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Despite retail's relative share gains, home printing continues to the method of choice for the majority of digital camera owners, and more camera owners are printing at home than ever before.
According to a recent survey by the Consumer Electronics Association (CEA), 82 percent of digital camera owners who print do so from home and 75 percent consider home printing as their primary method.
According to Ed Lee, InfoTrends, photo printing trends service director, a recently completed consumer survey showed a 2.5 times increase over 2003 in the percentage of digital camera owners who owned a “photo-centric” printer.
Inkjet printers and multifunction devices are expected to enjoy a compound annual growth rate (CAGR) of 6 percent and an install base of 75 million units by 2008, according to I.T. Strategies.
Inkjet consumables — the papers and inks that produce prints and documents — are also forecast to enjoy healthy growth rates in both units and dollars through 2008, I.T. predicted, with inks growing the fastest.
Despite positive forecasts, vendors highlighted several key hurdles left to clear: lowering the cost per print and improving ease of use of home photo printers.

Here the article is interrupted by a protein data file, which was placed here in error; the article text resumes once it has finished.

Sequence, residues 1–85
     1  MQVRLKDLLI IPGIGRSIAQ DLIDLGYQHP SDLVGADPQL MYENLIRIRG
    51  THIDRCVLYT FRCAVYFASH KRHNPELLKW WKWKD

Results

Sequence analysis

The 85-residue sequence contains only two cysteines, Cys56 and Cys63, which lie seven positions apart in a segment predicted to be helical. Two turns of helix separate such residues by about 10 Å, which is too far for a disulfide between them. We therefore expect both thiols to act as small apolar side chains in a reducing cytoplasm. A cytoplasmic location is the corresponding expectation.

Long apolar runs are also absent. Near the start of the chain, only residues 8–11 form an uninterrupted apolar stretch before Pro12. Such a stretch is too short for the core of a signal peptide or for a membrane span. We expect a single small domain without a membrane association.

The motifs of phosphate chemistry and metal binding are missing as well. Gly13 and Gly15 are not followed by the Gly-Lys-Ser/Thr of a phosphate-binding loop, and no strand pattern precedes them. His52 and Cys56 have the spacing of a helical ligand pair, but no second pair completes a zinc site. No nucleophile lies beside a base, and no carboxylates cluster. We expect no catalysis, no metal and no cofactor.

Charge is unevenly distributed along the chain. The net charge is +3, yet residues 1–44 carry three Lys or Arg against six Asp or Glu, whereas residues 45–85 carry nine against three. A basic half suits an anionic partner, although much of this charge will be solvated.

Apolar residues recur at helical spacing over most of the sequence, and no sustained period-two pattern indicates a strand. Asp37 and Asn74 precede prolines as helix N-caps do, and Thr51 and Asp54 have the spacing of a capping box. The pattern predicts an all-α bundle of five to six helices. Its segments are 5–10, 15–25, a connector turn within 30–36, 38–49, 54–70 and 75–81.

“The reality of home printing is that it's not easy; it's too PC-centric; and it's wasteful. We've crossed the chasm into a mass market consumer, and now we have to make it simple,” said Rowan Lawson, director of home printing, Kodak.
“That's the challenge,” said Brian Cruz,, category marketing director, Hewlett-Packard.
Pricing is another concern. Many powerhouse retailers like Costco and Wal-Mart leverage enormous economies of scale to offer digital print pricing as low as 19 cents per print. Home printers have recently begun marketing paper and ink bundles for a 29 cents per print cost, but Cruz noted that because so many different variables factor into the equation, consumers don't understand the cost structure of home printing.
“Cost per page has been an inhibitor,” admitted John Lamb, marketing manager, Canon. “That's why we expanded from 20-sheet to 120-sheet paper packs. People are looking for volume discounts.”
Printer makers were unanimous, however, in one assessment of home printing: The quality of the output exceeds that of retail printing.
“You are guaranteed the best quality at home,” Lamb said.
HP's Cruz noted that despite third-party validation, consumers still believe home printing suffers from inferior quality. “The message is not getting out there,” Cruz said.